Things heat up pretty fast. It isn't long before Felix realizes he is being followed and then someone tries to kill him. The local vampire community of Denver discovers a troop of vampire hunters is in the area and have already killed some vampires. As Felix looks into the nymphomania incidents, he finds a tenuous connection between the incidents and Area 51 and the Roswell UFO sighting. Maybe he will get it all figured out if people would just stop constantly trying to kill him.

Felix is a likable character and the action is non-stop as he tumbles from one desperate situation to another.  He is a modern vampire, able to go out in the daytime if he wears protective clothing, heavy makeup and sunscreen and sunglasses. He can also eat regular food, with the addition of blood to make it more digestible. He has the classic vampire powers, like changing into a wolf and hypnotizing humans with his gaze. But even though he is a vampire, he seems like a pretty decent person. And I enjoyed reading about him a lot. This was a good, exciting and interesting read.

Wednesday, August 15, 2012

The Impossible Bird

By Patrick O'Leary
Two brothers shared an odd, traumatic experience when they were kids. Adults now, they live separate lives. Mike is a world traveler, shooting commercials in exotic locations. Dan is a professor with a wife and child. The two brothers awake to find their lives out of joint, both lost in a fog of forgetfulness and confusion.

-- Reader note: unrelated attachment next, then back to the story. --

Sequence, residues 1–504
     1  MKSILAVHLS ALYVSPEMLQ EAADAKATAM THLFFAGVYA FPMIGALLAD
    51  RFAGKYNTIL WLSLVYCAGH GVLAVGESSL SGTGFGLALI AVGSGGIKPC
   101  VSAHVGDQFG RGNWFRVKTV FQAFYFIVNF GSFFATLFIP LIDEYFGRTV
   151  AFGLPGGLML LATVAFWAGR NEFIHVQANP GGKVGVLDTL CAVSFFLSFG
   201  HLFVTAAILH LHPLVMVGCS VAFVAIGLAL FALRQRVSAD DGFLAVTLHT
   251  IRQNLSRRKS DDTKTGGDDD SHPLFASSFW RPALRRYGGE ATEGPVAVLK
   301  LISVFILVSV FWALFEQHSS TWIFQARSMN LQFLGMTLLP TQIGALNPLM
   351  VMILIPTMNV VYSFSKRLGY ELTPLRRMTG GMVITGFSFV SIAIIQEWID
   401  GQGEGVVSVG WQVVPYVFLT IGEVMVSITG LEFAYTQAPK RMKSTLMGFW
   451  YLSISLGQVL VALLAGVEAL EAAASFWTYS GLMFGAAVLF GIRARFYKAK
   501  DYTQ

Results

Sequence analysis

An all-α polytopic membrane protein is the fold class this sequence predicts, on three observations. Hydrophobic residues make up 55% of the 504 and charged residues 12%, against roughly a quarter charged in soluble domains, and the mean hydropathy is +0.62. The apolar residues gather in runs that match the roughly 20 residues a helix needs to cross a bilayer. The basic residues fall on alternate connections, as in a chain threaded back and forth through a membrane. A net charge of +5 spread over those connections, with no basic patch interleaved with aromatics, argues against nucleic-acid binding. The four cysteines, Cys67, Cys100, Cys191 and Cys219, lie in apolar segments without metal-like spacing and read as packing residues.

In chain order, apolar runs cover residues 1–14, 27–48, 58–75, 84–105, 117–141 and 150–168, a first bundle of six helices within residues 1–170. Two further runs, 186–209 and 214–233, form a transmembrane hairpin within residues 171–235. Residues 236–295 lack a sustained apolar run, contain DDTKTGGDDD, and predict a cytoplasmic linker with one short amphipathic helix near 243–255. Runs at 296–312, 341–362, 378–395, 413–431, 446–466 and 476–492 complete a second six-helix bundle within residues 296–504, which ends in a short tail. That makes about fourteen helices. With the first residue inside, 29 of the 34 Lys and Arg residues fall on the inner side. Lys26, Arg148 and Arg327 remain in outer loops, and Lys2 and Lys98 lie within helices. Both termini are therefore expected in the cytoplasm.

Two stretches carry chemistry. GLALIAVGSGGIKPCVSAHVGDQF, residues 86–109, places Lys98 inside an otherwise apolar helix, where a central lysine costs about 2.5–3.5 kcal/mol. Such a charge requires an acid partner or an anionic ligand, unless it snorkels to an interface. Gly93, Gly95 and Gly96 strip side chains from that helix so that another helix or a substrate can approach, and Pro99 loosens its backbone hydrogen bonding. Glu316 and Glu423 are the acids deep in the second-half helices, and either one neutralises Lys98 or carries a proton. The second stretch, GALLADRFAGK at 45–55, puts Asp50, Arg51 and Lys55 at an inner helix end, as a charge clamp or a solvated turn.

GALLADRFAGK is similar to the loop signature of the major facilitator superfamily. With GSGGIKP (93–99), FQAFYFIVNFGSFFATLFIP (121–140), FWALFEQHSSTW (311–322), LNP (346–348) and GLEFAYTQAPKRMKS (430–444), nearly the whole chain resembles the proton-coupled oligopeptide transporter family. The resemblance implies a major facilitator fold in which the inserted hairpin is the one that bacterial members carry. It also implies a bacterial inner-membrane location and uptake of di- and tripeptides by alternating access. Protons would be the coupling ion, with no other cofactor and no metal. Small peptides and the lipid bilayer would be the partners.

Mike is approached by some thugs who have mistaken him for Dan. Then he is told he has to find Dan. Meanwhile, Dan's son has been kidnapped and the ransom is that Dan has to find Mike. In the course of events, it is revealed that Mike and Dan are both dead and are living in an artificial construct created by aliens who find the concept of death abhorrent and have been recreating dead people from the moment of their deaths. But many of the people who have been recreated are not happy to find themselves in this artificial world and have organized against the aliens behind it all. And naturally, there are many recreated people that are perfectly happy to be in this brave new world. So Mike and Dan are drawn into this conflict between the two sides, each side vying for the brothers' allegiance. In the struggle between the two sides, the brothers will find each other and come to terms with the anger and lies that kept them apart for so long.

This story was interesting, surprising, often rather confusing, but at the end, just depressing. I think if it wasn't for the bleak ending, I would have enjoyed it a lot more. But I just didn't care for the ending and it kind of spoiled the whole thing for me.

American Fuji

By Sara Backer
Gaby used to be an English professor at Shizuyama University in Japan but she was suddenly and without explanation fired. Now she works for a Japanese fantasy funeral company, selling elaborate funerals to grieving families.